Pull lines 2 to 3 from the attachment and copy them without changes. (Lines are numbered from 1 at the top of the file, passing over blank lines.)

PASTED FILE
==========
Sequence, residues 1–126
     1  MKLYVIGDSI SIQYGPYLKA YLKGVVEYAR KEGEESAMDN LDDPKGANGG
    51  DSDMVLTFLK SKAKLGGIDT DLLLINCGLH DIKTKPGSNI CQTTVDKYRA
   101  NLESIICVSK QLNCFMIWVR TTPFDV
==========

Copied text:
     1  MKLYVIGDSI SIQYGPYLKA YLKGVVEYAR KEGEESAMDN LDDPKGANGG
    51  DSDMVLTFLK SKAKLGGIDT DLLLINCGLH DIKTKPGSNI CQTTVDKYRA